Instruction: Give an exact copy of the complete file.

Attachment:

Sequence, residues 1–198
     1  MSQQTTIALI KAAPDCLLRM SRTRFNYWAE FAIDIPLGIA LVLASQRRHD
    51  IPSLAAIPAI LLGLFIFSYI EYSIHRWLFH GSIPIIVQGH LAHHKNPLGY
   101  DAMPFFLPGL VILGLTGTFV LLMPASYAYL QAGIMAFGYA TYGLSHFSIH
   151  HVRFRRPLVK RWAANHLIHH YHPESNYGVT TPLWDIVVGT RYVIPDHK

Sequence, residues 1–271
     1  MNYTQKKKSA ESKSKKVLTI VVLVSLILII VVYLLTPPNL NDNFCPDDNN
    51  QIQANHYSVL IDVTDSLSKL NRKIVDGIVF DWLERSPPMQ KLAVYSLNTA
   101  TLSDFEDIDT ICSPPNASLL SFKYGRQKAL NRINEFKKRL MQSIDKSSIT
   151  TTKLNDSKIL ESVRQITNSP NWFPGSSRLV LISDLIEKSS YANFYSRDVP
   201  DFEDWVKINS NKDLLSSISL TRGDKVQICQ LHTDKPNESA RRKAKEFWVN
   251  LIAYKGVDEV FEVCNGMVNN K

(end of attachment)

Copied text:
Sequence, residues 1–198
     1  MSQQTTIALI KAAPDCLLRM SRTRFNYWAE FAIDIPLGIA LVLASQRRHD
    51  IPSLAAIPAI LLGLFIFSYI EYSIHRWLFH GSIPIIVQGH LAHHKNPLGY
   101  DAMPFFLPGL VILGLTGTFV LLMPASYAYL QAGIMAFGYA TYGLSHFSIH
   151  HVRFRRPLVK RWAANHLIHH YHPESNYGVT TPLWDIVVGT RYVIPDHK

Sequence, residues 1–271
     1  MNYTQKKKSA ESKSKKVLTI VVLVSLILII VVYLLTPPNL NDNFCPDDNN
    51  QIQANHYSVL IDVTDSLSKL NRKIVDGIVF DWLERSPPMQ KLAVYSLNTA
   101  TLSDFEDIDT ICSPPNASLL SFKYGRQKAL NRINEFKKRL MQSIDKSSIT
   151  TTKLNDSKIL ESVRQITNSP NWFPGSSRLV LISDLIEKSS YANFYSRDVP
   201  DFEDWVKINS NKDLLSSISL TRGDKVQICQ LHTDKPNESA RRKAKEFWVN
   251  LIAYKGVDEV FEVCNGMVNN K